The Icebox Cometh, part two

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Libby told you about Valsalva Maneuver at the Ice Box in the Crane Art Center building in her post.

I saw the croquet theme exhibit last week and also liked it. Then, as a bonus, I got a tour of the rest of the huge complex — the four-story Crane plumbing warehouse on American St. — which will open in the fall with artists’ studios, more gallery space and performance space. (top image is Ice Box with crane painted on it. The four story Crane building is adjoining. I love how the huge warehouse is dwarfed by the much smaller Ice Box in this shot)

Richard Hricko and Nicholas Kripal, two of the three owners and both artists and Tyler professors, took me around (a third owner, David Gleeson wasn’t there). They explained their plans for the Crane in a way that suggested they were still pinching themselves to see whether their good luck at finding and getting the American St. complex wasn’t all a dream. (image is floor plan for second floor artists’ studios).

Apparently they’d been looking for a building for some time and when their third business partner, Gleeson, found Crane, they made an offer, held their breath while a few competing offers came in, and wound up getting the building.

It’s hard not to be wildly enthusiastic so I’m not even going to try to contain myself.

The building is amazing. It’s the old Crane Plumbing warehouse, a 4-story affair designed by a local inventor/designer named Ballinger who believed in cast concrete.

The place has concrete floors and support pillars that are still in great shape and thus it’s structurally sound and as fire rated as the day it was opened. The windows need replacing and that will happen, Hricko said. Right now, they’re framing the space for the artists’ studios and you can see the potential. The studios, which are spoken for already, rent for 50 cents per square foot with spaces ranging from 290 sq. ft. to 2,280 sq. ft. according to the floor plan I saw.

There are two freight elevators, one in the front and one in the back of the wedge-shaped building. Owners after Crane, who were in the fish business, added on the Ice Box as a fish freezer. The refrigeration units have been removed and what’s left is a glorious, 5,000 square foot space with 25 ft. tall ceiling and no support columns.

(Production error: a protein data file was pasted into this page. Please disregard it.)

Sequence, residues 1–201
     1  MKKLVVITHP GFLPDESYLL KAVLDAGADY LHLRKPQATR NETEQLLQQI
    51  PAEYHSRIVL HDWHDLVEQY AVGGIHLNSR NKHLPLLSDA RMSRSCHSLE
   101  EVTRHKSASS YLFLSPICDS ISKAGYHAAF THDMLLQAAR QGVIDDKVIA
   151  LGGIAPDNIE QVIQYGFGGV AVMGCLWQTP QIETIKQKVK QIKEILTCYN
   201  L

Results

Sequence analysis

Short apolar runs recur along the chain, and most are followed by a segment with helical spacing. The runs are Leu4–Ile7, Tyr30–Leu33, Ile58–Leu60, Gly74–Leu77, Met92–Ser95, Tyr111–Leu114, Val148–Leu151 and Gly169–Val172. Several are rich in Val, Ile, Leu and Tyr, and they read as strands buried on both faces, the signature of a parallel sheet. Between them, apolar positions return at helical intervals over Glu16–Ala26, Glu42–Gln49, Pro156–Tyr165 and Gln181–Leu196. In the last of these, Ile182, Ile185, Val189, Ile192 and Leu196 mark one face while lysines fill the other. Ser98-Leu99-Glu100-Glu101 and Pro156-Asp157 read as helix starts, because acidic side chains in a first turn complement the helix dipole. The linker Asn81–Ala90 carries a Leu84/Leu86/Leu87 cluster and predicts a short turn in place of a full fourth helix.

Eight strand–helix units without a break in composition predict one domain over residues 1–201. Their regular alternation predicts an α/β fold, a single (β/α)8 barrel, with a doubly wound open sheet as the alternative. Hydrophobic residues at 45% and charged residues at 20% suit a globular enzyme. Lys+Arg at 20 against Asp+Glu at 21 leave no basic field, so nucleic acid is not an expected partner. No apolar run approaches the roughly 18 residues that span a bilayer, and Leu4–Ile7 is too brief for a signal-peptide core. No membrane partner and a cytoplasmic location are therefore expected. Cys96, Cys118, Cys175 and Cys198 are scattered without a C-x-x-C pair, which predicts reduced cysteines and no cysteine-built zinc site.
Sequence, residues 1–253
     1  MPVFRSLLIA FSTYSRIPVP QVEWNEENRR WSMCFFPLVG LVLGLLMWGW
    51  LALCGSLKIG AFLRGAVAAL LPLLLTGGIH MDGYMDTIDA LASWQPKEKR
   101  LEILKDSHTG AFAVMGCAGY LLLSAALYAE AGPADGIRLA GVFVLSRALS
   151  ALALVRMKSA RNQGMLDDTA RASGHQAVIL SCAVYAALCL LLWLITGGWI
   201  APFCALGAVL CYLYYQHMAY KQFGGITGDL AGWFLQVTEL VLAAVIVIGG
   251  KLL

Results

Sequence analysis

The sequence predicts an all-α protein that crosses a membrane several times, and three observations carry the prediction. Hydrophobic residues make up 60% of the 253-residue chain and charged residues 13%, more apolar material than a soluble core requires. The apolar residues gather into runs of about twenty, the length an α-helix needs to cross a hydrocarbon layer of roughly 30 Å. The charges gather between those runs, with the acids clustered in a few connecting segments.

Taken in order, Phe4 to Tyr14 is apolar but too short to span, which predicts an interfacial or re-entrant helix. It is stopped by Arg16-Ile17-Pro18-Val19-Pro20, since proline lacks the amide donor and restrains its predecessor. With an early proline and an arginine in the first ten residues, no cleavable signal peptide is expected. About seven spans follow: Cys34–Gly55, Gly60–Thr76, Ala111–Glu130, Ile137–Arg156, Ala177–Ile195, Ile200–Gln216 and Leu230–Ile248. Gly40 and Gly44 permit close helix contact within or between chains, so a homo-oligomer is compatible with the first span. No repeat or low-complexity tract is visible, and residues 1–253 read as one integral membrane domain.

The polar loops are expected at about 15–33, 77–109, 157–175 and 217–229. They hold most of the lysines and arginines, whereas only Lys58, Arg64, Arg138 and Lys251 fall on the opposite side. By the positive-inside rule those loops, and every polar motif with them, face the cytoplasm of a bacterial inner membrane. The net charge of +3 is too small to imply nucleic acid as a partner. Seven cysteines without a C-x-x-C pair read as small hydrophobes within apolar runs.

It’s a pristine box and an inspiring project space. I can imagine any of a number of local artists going crazy there and coming out with exciting installations. Hricko and Kripal are accepting proposals for the Ice Box. Email yours to Hricko@temple.edu.

The property also includes another out building, a carriage house which stored carriages downstairs and horses on the second floor. (image above is carriage house seen from the fourth floor of Crane) Hricko said they hope to turn the carriage house into performance space as well.

I’ll quit here saying stay tuned for more images and information as we get closer to the Center’s opening in the fall sometime around the Fringe Festival. (We may see a Fringe performance in the Crane)

Meanwhile, above right is an installation shot of the Valsalva exhibit in the Ice Box. You can get a sense of the big box space from the shot.

And finally, because I found a direct connection with it, here’s an image of the floating landscape piece by Katie McCory, Leslie Mutchler, Samantha Coles, Jennifer McTague and Michael Dur.

Libby and I once fashioned a papier mache floating still life which hung for a month in the Uarts Window on Broad. The piece no longer exists but the concept of floating the world of objects is one I still love.

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